• This is quite common when you first start taking isosorbide mononitrate and should settle after a few days.
  • Tell your doctor if it is ongoing 
  • Dizziness
  • Feeling lightheaded
  • Feeling faint when you stand up
  • This is quite common when you first start taking isosorbide mononitrate and usually goes away with time.
  • Be careful when getting up from either lying down or sitting to avoid falls. These effects put you at risk of falls and injuries, especially if you are an older adult.
  • Stand up slowly. If you do feel dizzy sit or lie down for a few moments.
  • Avoid alcohol.
  • Tell your doctor if this continues.
  • Tiredness, blue lips, problems breathing, fainting
  • Tell your doctor immediately or ring HealthLine 0800 611 116.
  • Changes in your heart beat (either fast, slow or irregular)
  • Tell your doctor.
  • Signs of an allergic reaction such as skin rash, itching, swelling of your lips, face and mouth or difficulty breathing, such as chest tightness or wheezing
  • Tell your doctor immediately or ring HealthLine 0800 611 116.
Did you know that you can report a side effect to a medicine to CARM (Centre for Adverse Reactions Monitoring)? Report a side effect to a product(external link)

  • Isosorbide mononitrate may interact with a few medications and herbal supplements so check with your doctor or pharmacist before starting isosorbide mononitrate or before starting any new medicines.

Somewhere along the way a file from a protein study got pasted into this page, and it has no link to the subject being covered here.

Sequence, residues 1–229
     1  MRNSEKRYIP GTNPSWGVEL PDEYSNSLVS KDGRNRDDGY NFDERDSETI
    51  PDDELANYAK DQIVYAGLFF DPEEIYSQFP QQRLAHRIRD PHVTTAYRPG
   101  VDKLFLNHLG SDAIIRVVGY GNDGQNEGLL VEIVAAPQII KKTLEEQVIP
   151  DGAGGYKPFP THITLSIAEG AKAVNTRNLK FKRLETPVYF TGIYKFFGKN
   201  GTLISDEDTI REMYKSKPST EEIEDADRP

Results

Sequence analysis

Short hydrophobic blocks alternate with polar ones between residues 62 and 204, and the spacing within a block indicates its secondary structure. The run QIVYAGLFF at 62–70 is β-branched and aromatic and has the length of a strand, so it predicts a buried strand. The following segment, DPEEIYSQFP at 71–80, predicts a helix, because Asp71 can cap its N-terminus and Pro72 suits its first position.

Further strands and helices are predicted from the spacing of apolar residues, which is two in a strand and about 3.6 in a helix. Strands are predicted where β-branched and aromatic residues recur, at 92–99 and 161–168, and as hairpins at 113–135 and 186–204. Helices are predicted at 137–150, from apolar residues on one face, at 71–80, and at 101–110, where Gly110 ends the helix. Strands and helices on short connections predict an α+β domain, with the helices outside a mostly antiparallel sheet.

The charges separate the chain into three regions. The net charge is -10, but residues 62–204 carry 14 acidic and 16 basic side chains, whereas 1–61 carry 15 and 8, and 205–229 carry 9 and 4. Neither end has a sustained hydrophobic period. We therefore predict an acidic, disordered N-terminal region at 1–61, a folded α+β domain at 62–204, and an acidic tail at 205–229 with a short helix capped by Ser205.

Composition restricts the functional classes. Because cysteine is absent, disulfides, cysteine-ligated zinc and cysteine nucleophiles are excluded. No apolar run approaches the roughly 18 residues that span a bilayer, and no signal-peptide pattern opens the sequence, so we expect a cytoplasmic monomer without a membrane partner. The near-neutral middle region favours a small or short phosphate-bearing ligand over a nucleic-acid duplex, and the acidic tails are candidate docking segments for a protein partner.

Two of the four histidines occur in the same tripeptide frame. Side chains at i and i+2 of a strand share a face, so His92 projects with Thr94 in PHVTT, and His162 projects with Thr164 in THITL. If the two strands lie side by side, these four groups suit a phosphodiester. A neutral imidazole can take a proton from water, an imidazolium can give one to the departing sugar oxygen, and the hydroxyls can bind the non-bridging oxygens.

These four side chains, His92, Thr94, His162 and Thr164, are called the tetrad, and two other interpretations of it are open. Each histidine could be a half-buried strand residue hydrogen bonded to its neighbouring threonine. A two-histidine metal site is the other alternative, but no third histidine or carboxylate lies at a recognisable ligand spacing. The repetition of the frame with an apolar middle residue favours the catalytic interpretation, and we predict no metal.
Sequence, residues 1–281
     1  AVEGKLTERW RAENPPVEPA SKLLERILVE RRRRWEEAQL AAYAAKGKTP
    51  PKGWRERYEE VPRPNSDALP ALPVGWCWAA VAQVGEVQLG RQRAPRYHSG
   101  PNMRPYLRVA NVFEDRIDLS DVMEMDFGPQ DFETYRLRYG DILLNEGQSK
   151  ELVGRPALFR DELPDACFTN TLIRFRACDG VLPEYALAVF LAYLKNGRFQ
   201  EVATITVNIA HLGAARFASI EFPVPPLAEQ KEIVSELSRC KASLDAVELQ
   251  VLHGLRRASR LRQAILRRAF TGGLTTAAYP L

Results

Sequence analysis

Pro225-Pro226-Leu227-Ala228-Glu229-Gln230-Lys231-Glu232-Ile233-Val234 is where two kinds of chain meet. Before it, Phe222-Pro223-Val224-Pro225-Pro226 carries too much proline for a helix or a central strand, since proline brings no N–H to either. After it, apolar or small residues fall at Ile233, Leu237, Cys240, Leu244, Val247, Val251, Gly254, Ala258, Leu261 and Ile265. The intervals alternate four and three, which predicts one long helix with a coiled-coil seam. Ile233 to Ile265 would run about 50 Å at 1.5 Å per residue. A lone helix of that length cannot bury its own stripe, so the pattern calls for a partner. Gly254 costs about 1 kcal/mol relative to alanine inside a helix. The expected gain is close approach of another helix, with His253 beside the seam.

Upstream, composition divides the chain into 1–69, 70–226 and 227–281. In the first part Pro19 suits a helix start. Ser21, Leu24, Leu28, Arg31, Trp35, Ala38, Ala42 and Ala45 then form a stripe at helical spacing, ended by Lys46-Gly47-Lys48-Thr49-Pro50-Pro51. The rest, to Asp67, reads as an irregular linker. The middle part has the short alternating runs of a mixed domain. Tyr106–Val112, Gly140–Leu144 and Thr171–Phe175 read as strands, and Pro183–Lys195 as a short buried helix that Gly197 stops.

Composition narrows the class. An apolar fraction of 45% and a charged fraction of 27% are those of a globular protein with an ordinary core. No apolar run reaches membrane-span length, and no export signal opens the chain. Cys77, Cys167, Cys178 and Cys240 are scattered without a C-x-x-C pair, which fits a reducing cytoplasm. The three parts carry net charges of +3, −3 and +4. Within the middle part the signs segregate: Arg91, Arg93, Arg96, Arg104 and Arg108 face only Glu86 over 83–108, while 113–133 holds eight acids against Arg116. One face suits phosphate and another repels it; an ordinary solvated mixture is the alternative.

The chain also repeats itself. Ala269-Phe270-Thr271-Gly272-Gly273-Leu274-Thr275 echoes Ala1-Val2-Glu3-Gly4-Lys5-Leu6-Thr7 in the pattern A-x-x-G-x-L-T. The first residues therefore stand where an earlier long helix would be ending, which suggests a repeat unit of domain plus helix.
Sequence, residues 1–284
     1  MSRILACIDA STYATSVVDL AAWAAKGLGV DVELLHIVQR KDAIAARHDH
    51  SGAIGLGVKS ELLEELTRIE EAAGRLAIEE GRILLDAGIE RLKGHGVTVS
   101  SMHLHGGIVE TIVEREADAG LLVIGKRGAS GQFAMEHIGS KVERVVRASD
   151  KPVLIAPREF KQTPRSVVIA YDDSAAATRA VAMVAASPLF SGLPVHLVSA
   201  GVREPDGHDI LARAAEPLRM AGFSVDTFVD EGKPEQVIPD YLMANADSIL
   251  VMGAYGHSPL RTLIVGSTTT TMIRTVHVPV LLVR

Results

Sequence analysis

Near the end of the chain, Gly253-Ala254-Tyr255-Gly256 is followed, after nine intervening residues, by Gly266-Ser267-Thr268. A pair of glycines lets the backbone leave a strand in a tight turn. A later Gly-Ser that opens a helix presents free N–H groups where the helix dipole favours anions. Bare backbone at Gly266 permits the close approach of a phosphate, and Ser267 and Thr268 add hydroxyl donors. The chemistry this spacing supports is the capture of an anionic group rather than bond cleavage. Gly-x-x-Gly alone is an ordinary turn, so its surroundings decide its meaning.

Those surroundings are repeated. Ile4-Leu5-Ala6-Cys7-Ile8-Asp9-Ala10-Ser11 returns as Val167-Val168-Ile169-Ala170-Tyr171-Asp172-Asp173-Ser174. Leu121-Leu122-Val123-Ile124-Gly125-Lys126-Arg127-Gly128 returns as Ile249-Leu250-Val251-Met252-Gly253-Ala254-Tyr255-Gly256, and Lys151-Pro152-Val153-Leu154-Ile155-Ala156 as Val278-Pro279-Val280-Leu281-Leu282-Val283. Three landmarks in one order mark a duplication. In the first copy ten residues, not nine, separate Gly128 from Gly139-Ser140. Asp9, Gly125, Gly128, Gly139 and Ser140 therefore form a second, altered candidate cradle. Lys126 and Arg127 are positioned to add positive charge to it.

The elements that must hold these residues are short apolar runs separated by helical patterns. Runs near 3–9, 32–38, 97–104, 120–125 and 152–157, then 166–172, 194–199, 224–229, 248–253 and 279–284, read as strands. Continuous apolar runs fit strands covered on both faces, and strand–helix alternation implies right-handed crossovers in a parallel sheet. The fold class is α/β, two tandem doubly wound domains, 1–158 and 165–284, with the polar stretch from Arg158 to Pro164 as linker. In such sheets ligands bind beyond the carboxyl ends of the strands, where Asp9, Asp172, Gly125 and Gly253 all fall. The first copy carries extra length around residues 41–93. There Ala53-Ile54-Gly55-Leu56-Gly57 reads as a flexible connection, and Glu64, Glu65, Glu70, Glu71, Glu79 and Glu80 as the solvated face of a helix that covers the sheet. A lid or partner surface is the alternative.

• Isosorbide mononitrate interacts with medicines to treat erectile problems such as sildenafil (Viagra, Avigra, Vedafil, Silvasta), tadalafil (Cialis) and vardenafil (Levitra).

The following links have more information on isosorbide mononitrate.

Isosorbide mononitrate(external link) New Zealand Formulary Patient Information


Isosorbide mononitrate in Te Reo Māori(external link)(external link) My Medicines, NZ, 2018
5 questions to ask about your medications(external link) Health Quality and Safety Commission, NZ, 2019 English(external link), te reo Māori(external link)


  1. Isosorbide mononitrate(external link) New Zealand Formulary

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Credits: Sandra Ponen, Pharmacist. Healthify is brought to you by Health Navigator Charitable Trust.

Reviewed by: Angela Lambie, Pharmacist, Auckland